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Veg Plot

Encouraged by a little warmth and some late Spring sunshine our vegetables are starting to grow. Here the broad beans are sprouting under the support of traditional birch pea-sticks. The tall plant in the background is a Globe Artichoke (Cynara cardunculus) which will produce its thistle-like flower heads later in the year.
Stripping the Willow
Joy with Jenny, garden manager , at work
Willow Support for young Woad Plants
On a very wet day the volunteer gardeners found a job that enabled them to seek legimate shelter! Here they are preparing the slender pliable willow branches for use as support for the tall herbs. The outer bark, the living part of the willow is stripped before the supports are stuck into the ground.This prevents them from rooting and then shooting which they would do very easily.

Normally hazel would be used, as in the seventeenth century but it was in short supply this year. Willow did not in fact reach England until 1734.
Recipe for a Happy Hotbin
Garden manager Jenny Hill thinks that the Hotbins are not being used to their full potential as low temperatures and worms have been detected. Melanie has therefore written new guidelines to improve performance. Hotbins rely on bacterial systems that produce high temperatures to promote maximum bacterial activity and should be at around 50'C at all times. They require mixed waste and should be added in the proportion of one part full of weeds, twigs, leaves or grass cuttings to 1/2 trug of food waste, torn paper and card and1/4 trug of woodchip.
All the bins are being emptied and are to be monitored using the new guidelines.
Spring is on the way and Philip has plans for the vegetable garden.

Drawing at the Physic Garden    
Under the auspicies and encouragement of Vicki Ostersen aspiring young artists have been busy in the exhibition room of the Physic Garden during their half term holiday. On day one of the three day course, the class of 8-10 year olds were given pencils (and rubbers!) and objects from the world of nature to copy. They have been working both individually and colaboratively and two examples of their individual effects are shown here.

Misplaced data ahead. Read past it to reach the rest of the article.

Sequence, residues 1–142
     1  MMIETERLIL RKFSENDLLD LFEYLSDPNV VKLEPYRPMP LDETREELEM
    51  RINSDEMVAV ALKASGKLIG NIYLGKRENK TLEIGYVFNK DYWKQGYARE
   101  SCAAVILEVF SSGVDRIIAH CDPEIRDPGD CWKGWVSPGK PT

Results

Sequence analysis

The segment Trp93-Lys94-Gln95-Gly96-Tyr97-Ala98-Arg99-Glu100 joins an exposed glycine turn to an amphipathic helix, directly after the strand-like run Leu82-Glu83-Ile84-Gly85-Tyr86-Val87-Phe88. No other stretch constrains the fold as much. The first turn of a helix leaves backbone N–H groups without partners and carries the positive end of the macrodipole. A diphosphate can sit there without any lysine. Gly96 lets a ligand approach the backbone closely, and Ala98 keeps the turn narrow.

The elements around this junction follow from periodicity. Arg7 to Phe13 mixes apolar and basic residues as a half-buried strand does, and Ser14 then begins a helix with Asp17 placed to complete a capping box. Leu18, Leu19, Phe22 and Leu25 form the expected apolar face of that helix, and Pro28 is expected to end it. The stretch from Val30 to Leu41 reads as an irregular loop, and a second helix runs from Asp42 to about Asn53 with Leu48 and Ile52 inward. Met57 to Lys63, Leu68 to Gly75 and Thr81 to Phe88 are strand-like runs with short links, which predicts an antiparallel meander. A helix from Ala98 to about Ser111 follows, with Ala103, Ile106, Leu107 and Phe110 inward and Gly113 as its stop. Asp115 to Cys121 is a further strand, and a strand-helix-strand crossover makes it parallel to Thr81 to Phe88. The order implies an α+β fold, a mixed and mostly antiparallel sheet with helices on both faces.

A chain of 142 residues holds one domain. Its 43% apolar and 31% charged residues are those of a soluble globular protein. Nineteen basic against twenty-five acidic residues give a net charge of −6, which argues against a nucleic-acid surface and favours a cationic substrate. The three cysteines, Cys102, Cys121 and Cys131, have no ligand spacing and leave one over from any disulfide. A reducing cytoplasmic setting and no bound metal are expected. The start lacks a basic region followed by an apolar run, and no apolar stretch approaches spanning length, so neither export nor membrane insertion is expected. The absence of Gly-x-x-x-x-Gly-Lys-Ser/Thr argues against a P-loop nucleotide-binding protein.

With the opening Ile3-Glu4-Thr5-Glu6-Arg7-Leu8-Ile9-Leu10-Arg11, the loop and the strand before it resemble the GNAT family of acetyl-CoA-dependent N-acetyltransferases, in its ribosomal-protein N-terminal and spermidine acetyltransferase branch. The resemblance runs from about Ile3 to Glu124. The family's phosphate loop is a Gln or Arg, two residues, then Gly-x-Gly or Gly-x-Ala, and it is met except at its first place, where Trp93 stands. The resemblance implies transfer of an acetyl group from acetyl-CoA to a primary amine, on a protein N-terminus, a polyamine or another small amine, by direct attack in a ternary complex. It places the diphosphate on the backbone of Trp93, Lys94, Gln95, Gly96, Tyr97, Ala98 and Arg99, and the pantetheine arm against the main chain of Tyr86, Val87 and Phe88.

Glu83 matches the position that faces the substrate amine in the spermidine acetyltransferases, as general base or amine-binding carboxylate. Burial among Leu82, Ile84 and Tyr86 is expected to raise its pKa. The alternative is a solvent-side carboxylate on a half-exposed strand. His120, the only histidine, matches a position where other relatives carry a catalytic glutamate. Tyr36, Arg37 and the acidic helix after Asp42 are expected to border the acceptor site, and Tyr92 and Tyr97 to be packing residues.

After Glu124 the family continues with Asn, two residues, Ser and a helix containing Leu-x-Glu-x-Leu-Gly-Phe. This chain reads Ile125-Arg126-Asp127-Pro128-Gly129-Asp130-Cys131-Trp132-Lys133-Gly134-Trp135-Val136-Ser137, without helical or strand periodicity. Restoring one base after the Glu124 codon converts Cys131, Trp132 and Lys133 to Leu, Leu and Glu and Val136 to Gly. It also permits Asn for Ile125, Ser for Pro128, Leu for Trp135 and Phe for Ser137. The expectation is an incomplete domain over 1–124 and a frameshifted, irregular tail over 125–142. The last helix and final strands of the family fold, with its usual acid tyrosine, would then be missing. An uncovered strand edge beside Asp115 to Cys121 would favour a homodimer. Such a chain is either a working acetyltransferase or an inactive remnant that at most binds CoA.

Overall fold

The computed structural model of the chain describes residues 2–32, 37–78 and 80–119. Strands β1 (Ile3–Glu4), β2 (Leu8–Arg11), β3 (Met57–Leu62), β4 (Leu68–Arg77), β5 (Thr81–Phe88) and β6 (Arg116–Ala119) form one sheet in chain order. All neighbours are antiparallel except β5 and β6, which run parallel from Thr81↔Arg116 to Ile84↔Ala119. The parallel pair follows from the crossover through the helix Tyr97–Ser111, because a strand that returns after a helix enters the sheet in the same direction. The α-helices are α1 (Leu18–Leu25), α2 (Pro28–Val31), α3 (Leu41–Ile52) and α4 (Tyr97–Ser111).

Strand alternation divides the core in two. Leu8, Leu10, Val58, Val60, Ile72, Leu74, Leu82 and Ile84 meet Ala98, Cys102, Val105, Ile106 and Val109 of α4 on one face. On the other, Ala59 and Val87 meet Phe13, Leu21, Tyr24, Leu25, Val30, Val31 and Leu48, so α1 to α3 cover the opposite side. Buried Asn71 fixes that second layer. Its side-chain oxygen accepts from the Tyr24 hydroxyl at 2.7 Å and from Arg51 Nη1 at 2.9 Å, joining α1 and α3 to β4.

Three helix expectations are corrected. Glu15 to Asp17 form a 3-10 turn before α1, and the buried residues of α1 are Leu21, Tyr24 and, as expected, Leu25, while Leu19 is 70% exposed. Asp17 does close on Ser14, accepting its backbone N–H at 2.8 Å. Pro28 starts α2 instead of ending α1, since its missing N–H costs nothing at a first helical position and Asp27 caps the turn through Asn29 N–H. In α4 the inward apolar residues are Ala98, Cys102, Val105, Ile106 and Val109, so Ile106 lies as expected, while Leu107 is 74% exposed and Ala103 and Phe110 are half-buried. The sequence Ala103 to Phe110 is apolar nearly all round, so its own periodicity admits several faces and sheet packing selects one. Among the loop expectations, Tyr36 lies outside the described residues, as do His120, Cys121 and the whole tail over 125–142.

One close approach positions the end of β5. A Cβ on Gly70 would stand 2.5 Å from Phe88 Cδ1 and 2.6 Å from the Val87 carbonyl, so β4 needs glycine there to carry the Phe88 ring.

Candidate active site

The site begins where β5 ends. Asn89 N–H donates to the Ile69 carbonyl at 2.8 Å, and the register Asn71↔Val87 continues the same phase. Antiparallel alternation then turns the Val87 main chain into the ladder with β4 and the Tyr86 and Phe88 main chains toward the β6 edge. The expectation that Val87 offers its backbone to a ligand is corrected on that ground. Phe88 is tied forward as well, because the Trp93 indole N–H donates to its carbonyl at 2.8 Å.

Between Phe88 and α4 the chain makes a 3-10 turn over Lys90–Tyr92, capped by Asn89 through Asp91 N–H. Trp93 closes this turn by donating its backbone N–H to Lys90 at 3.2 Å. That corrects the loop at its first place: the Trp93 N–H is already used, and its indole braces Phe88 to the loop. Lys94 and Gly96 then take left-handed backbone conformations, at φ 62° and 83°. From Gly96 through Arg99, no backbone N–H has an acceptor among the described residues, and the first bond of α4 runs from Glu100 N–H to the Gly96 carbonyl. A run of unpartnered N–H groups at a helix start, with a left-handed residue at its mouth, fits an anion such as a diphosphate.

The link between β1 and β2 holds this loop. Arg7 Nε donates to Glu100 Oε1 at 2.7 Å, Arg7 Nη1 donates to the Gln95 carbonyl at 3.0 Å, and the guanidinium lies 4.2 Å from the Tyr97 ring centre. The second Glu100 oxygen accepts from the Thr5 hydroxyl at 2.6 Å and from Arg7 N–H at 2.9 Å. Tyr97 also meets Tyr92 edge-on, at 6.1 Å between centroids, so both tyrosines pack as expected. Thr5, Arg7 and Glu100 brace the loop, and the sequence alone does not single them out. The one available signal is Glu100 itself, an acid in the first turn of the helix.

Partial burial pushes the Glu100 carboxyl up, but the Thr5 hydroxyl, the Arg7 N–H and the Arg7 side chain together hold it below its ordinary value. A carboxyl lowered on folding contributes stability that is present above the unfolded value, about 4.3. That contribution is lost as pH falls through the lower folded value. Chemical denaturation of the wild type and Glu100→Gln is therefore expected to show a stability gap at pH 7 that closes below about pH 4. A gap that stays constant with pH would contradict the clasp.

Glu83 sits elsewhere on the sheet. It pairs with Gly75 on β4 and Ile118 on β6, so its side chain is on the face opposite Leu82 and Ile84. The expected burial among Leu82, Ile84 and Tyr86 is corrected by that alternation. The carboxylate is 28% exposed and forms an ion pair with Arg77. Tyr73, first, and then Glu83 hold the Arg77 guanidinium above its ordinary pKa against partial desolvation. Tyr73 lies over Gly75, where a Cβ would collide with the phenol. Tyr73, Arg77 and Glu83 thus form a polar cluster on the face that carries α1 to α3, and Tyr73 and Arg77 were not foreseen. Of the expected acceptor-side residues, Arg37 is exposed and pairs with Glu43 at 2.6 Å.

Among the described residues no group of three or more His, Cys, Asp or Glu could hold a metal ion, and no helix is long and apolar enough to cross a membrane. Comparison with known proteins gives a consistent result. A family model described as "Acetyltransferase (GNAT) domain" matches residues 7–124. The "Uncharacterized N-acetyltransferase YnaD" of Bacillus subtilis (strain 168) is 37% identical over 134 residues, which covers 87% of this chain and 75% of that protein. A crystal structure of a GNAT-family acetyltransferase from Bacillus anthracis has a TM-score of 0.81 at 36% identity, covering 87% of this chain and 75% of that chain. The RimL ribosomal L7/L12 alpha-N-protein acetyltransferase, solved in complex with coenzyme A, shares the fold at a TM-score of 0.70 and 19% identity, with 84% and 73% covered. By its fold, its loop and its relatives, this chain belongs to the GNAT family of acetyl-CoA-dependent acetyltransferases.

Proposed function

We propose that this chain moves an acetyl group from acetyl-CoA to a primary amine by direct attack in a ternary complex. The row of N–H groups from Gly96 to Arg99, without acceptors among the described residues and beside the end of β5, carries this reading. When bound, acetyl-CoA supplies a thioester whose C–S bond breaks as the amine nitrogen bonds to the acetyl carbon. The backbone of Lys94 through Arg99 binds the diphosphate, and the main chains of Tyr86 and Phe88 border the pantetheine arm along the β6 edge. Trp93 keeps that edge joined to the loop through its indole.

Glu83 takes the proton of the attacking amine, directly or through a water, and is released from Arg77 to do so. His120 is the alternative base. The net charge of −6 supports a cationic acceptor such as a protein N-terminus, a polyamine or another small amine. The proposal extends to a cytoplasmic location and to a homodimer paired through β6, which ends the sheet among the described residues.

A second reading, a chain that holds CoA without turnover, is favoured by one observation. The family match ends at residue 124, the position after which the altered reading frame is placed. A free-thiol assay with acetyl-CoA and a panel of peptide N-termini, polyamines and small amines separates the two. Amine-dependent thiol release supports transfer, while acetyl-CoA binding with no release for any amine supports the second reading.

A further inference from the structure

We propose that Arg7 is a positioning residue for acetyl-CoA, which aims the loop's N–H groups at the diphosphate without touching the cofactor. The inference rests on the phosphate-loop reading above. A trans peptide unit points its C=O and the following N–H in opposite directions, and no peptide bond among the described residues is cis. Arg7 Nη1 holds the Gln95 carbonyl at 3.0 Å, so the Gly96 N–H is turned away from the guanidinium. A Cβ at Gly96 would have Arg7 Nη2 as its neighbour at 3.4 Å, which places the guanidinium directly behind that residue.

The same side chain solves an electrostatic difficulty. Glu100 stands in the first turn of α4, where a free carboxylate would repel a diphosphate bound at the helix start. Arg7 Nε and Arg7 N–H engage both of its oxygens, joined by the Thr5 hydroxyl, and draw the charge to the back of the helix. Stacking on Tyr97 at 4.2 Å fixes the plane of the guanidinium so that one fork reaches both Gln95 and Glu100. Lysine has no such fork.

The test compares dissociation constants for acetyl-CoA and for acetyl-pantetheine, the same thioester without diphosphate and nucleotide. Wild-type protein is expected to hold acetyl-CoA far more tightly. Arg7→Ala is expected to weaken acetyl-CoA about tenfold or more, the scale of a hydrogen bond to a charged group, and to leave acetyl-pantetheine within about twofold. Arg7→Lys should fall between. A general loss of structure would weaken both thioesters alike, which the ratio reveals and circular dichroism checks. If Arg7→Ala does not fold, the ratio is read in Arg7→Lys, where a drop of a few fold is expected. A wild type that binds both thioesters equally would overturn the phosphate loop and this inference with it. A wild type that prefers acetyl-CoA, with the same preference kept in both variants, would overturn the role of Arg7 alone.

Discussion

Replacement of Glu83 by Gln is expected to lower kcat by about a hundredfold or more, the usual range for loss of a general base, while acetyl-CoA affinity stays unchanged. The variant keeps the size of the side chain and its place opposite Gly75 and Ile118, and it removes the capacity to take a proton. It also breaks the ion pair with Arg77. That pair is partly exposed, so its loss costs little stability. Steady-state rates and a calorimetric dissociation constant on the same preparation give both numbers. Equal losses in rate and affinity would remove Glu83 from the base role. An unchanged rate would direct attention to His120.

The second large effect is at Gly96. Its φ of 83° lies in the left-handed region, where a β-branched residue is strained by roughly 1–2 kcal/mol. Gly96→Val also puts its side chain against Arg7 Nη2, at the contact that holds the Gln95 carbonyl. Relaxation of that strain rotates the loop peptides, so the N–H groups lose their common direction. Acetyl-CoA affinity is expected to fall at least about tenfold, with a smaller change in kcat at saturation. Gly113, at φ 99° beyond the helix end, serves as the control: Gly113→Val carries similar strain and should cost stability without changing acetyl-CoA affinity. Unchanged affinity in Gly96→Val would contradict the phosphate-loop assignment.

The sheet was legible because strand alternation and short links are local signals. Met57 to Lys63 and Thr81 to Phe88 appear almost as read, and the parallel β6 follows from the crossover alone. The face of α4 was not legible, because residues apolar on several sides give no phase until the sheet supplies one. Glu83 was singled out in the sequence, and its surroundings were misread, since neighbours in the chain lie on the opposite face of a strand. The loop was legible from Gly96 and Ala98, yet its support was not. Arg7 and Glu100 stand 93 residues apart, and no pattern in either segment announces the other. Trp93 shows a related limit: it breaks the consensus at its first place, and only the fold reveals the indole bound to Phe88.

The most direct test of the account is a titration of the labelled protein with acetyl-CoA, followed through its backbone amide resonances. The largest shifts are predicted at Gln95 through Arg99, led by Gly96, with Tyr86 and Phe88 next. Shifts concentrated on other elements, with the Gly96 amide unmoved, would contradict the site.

Hidden Rocks
Little Elsie who is aged just 2 is a big fan of Hidden Rocks.
She recently took her bucket to Petersfield Heath and seached for the stones which she then brought to the Garden.
She is seen here hiding two of her finds - a bee and a smiley face - amongst the Snowdrops.
Elsie managed to plant 7 stones and took away 3 leaving the Garden with a bonus of 4 for other children to find.
The craze for Hidden Rocks continues. It is a simple idea, get a pebble, paint it and hide it, and possibly leave a hint on Facebook so that others can find it. Finders then have the choice of either keeping the rock or moving it somewhere else.They may also share their finds on social media.
Rocks are left in a variety of places, woodlands, parks, hidden paths and many have been left and found in Petersfield.
Projects for 2018  
Renewal of the Pathways
It is proposed to renew the gravel pthways throughout the Garden. This job was last completed in 2002 and wear and tear is starting to show especially after the heavy winter rains. Special attention will be applied to the drainage and the materiel used to make a suitable durable surface.
Extension of the Office
It is hoped to explore further the possibilities of extending the office in order to develop a bespoke visitor centre.
Volunteers' Lunch
As a thank you for all the hard work provided by the numerous volunteers an anonymous wellwisher, with the help of the Physic Garden committee, organised a luncheon party to bring cheer on a cold January day. Thirty of the volunteers attended, these included gardeners, wardens and other helpers.
They were rewarded with a delicious two course hot meal and wine. Non-chairperson, Colin Mattingly gave a brief address of welcome and thanks and said how essential the voluteers were to The Garden which had very limited means of raising income.
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